Because he had a name. George Floyd. And she had a name. Breonna Taylor. And he had a name. Ahmaud Arbery. Black lives matter. Full stop.
This post has simmered in my mind for the last three weeks. My first instinct was to publish something quickly, offering actionable steps right away. But then I realized I needed to be an active listener, too, especially to the Black voices in our communities who are telling us what we need to hear and what we need to know. Virtual signaling isn’t enough.
So to start, I participated in the #AmplifyMelanatedVoices movement on Instagram, created by @Jessicawilson.msrd and @blackandembodied. It was incredible. I learned more about race, racial disparities, and White privilege during that weeklong challenge than I ever had before. As a result, I was introduced to new-to-me Black thought leaders on issues of race, business development, food blogging, personal finance, and faith-based advocacy, to name a few.
These individuals, their perspectives, and their resources are just too good not to share. You’ll find many of them below. And if your experience is similar to mind, you’ll likely find that as you diversify your reading materials, social follows, and more, you’ll find unlimited ways to create social change.
To our Black readers, K-Hubs and I, along with our children, want you to know that we see you. We hear you, we are with you, and we will continue to do the work necessary to dismantle racism. This includes doing the work within ourselves and with those we love dearly. That, we know, will include difficult conversations, and you can count on us to see those through. As we do the work, we will center your voices and experiences.
K-Hubs and I have three main goals:
- Center Black voices. So much of what K-Hubs and I have learned has been through our own White optics. And we don’t know everything. Black voices and perspectives matter. As I mentioned, we have learned so much in just a few short weeks. This diversification of perspectives and experiences has been a breath of fresh air. And it’s something we will continue.
- Hold ourselves accountable to do the work of dismantling racism, recognizing our own White privilege and fragility, and understanding implicit bias. We will also address these with our children and raise them to be antiracist.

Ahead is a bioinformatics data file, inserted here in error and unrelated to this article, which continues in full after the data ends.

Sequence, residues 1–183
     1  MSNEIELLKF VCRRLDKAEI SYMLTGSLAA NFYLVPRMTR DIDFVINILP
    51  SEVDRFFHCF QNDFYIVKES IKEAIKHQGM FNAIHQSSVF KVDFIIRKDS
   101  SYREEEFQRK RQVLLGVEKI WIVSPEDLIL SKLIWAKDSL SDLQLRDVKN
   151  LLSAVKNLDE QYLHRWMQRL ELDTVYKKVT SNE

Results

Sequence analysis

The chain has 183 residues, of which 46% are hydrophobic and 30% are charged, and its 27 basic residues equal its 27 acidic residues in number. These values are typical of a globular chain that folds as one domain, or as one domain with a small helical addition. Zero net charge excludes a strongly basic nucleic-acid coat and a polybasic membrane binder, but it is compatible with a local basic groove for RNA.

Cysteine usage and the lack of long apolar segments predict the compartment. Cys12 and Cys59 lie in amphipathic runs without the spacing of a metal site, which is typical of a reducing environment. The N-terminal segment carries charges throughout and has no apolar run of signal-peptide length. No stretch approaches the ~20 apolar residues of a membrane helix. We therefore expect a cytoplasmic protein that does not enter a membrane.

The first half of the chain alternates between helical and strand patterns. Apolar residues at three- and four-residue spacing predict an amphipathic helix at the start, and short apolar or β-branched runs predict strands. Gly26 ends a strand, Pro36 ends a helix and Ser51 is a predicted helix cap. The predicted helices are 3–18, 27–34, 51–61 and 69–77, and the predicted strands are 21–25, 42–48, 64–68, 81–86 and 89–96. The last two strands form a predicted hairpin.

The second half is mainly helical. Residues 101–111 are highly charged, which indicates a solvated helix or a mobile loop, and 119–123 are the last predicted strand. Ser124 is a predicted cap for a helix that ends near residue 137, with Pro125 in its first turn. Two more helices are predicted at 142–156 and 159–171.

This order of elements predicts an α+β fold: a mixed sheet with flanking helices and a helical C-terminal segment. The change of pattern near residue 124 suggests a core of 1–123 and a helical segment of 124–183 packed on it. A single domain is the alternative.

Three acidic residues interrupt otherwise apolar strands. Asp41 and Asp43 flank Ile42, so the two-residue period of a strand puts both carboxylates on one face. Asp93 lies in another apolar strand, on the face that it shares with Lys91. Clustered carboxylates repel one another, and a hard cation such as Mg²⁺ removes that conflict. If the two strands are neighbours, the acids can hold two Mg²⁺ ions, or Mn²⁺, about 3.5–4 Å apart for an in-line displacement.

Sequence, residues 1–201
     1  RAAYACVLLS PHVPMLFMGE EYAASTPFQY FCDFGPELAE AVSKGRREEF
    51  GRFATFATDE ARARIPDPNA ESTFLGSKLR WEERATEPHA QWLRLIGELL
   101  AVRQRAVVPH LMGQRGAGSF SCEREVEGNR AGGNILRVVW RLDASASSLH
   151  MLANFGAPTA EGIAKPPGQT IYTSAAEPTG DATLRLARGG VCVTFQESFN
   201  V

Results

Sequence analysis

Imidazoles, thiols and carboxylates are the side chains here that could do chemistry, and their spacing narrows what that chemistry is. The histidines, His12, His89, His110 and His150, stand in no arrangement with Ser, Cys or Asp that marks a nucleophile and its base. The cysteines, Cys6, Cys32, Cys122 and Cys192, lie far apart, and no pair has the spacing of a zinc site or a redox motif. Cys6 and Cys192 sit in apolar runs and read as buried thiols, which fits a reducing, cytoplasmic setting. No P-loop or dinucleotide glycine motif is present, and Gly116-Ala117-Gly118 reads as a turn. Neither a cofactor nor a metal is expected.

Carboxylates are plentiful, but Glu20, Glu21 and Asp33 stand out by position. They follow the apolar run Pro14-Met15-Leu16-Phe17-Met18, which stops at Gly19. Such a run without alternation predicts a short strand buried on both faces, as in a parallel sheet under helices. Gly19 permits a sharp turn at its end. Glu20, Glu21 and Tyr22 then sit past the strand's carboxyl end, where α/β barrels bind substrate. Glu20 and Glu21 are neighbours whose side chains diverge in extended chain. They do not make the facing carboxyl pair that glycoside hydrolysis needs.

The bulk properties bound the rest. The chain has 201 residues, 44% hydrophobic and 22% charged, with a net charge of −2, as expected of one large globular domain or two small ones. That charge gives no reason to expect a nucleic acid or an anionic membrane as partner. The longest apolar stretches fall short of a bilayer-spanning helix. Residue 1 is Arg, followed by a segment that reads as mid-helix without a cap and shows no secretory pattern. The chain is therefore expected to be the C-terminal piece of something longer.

- Provide resources to facilitate action that supports goals 1 and 2. This includes not only for ourselves but also for others who want to do the same in their homes and communities.
For us, this is a multi-pronged approach that encourages simultaneous learning AND action.
A critical point K-Hubs and I firmly believe: WE MUST DO OUR OWN HOMEWORK. It is not the responsibility of the Black community to educate us. There are countless resources already in circulation to answer our questions. Reading, getting involved with local efforts, and following a variety of people and thought leaders on social media platforms are great places to start.
WHAT TO READ:
We are reading about racism, Black experiences, White fragility, White privilege, and forms of systemic oppression within our country and around the world.
Additionally, we are reading books with our daughters. We realized throughout the last few weeks that while we’ve raised inclusive children, we have not raised them to be intentionally antiracist. Furthermore, our conversations centered on race have been weak, in large part because we are uninformed. We’ve had good intentions. But those intentions are not enough.
So we have ordered several books for what we call our family library. We have also seen, however, that libraries are expanding their reach, too. So if you want to expand your knowledge base within a tight budget, check your local libraries for these and other resources.
If you find your library doesn’t have these books, inquire about request forms. Sometimes the request form connects you with other libraries that DO have the desired resource. Other times, the request form is closer to home in that it is a direct request for your library to use funds to purchase the book.
For the adults:
- The Very Good Gospel by Lisa Sharon Harper
- How to Be an Antiracist by Ibram X. Kendi
- White Fragility by Robin DiAngelo
- Becoming by Michelle Obama
- Raising White Kids by Jennifer Harvey